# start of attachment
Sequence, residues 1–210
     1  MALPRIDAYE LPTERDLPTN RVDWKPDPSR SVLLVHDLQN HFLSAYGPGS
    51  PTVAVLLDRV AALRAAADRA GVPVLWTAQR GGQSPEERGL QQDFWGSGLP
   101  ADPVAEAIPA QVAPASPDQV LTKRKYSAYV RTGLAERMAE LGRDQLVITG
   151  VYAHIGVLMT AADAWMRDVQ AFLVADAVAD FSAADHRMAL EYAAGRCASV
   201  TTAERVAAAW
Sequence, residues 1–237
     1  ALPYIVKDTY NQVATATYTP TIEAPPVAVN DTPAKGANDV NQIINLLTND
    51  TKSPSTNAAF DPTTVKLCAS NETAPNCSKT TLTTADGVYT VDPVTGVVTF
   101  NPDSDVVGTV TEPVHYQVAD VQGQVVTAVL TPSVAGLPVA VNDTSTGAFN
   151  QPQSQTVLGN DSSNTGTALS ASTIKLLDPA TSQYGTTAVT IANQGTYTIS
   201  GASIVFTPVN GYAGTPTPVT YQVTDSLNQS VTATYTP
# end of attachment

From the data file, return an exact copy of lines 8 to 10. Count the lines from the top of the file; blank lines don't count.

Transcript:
     1  ALPYIVKDTY NQVATATYTP TIEAPPVAVN DTPAKGANDV NQIINLLTND
    51  TKSPSTNAAF DPTTVKLCAS NETAPNCSKT TLTTADGVYT VDPVTGVVTF
   101  NPDSDVVGTV TEPVHYQVAD VQGQVVTAVL TPSVAGLPVA VNDTSTGAFN